A report highlights a shift in gang activity in northern Nicaragua, where local groups are copying the style of, and making contact with, the MS13 and Barrio 18 street gangs found in Central America's violent "Northern Triangle."
Since 2008, the city of Somoto has seen the rise of around 10 well-organized gangs whose members identify themselves with the Mara Salvatrucha (MS13) and Barrio 18 street gangs, or "maras," reported La Prensa.
According to La Prensa, there are a total of 570 gang members operating in the city, who perpetrate armed robberies and extort pedestrians, taxi drivers and truck drivers. Members have prominent tattoos, and leave gang graffiti around neighborhoods they claim to control, in the style of the maras.
Gang members who spoke to La Prensa on the condition of anonymity stated that the groups maintain ties with gangs in neighboring countries. They said that members cross into El Salvador and make contact with the MS13, which contracts them to carry out robberies.
Two Salvadoran MS13 members have been arrested in the Somoto region in recent years, and both allegedly had made contact with local gangs, according to La Prensa.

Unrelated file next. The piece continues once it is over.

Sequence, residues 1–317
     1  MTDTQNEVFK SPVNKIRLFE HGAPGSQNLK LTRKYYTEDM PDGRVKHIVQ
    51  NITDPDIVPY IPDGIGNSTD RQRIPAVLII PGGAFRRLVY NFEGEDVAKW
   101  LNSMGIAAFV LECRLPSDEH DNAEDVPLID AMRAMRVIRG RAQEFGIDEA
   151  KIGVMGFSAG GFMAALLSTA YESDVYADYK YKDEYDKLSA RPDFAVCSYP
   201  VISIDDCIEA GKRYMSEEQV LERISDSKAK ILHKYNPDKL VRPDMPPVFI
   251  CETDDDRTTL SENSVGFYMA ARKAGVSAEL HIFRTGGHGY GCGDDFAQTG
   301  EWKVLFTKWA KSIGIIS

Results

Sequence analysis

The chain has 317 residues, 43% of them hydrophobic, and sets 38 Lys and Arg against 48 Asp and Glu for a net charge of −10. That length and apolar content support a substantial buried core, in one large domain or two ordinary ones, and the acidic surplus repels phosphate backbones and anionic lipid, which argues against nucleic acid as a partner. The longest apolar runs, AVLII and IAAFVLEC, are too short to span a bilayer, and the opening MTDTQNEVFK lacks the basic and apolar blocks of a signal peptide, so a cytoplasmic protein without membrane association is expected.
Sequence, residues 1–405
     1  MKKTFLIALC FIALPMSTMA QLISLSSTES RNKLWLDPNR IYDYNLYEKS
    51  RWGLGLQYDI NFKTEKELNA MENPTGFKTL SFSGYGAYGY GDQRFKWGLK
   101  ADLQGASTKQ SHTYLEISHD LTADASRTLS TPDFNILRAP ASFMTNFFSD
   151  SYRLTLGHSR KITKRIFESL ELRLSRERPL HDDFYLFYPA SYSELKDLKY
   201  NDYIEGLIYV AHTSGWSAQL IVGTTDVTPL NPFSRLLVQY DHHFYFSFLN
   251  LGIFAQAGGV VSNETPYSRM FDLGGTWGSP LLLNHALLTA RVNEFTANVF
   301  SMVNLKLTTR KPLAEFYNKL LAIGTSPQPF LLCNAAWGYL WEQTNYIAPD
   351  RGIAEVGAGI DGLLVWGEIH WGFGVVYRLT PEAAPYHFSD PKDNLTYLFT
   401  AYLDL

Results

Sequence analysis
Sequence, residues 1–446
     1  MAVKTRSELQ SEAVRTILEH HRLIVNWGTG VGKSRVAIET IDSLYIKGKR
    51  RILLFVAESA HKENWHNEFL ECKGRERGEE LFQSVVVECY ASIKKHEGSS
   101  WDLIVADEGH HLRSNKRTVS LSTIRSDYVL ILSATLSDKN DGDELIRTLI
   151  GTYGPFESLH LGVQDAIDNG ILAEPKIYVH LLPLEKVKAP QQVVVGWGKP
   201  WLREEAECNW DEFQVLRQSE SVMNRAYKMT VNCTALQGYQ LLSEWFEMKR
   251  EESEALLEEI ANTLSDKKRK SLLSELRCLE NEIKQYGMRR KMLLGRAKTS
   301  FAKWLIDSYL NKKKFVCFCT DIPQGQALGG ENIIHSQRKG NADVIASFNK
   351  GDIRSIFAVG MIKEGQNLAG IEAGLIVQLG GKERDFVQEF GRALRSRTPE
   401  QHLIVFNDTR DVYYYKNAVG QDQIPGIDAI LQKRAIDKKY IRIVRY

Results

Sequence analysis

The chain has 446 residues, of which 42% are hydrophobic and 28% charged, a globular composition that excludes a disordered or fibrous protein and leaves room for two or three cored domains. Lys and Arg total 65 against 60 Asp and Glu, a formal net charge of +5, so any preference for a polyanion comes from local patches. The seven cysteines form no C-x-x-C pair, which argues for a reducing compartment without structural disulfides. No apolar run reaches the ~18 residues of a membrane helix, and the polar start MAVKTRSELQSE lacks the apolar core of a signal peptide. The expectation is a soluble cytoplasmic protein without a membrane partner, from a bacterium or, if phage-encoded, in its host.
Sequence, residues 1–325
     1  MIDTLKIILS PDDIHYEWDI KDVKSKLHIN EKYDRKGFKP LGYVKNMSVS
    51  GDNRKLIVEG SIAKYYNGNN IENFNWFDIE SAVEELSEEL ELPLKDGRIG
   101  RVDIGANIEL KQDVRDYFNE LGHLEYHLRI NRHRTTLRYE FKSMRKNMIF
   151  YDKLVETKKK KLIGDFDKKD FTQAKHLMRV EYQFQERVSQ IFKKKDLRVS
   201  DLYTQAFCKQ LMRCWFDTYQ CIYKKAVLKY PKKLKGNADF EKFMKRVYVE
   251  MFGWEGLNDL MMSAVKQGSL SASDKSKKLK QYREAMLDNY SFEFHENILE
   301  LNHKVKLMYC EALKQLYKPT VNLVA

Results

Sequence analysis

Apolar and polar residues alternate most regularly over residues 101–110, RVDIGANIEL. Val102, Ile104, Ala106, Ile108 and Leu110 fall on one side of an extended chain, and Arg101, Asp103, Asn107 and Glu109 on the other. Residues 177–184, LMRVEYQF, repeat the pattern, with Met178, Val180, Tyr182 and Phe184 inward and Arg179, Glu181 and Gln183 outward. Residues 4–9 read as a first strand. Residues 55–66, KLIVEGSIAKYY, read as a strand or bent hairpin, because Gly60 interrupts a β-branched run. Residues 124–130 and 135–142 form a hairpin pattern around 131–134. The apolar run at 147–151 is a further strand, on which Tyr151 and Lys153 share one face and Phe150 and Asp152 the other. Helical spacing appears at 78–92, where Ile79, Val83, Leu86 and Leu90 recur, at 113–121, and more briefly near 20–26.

InSight Crime Analysis
The MS13 and Barrio 18 are powerful in the "Northern Triangle" of Guatemala, Honduras and El Salvador, and contribute to high levels of violence in these countries. The southern part of Central America -- Nicaragua, Costa Rica, and Panama -- has far lower levels of violent crime, due in part to the lack of violent, territorial groups like the maras.
Although Nicaragua has one of the region's lowest homicide rates and has been hailed as a security success story, reports of ties between local criminal groups and Northern Triangle gangs suggest that insecurity in the turbulent neighboring countries may be spilling over the border.
SEE ALSO: MS13 Profile
The reports of Northern Triangle maras contracting out low-level criminal tasks to gangs in Nicaragua are plausible, but may not be a cause for concern about these groups joining forces. At the next level up, transnational drug trafficking groups are thought to have a similar relationship with the maras, paying them to protect drug shipments or carry out contract killings, but this has not led to deeper integration between the groups.
Meanwhile, authorities in Panama have identified 194 gangs operating in the country, with a total of 4,200 members, reported Critica. Since President Juan Carlos Varela implemented an amnesty program in July, 1,302 gang members have reportedly taken advantage of the initiative to disarm.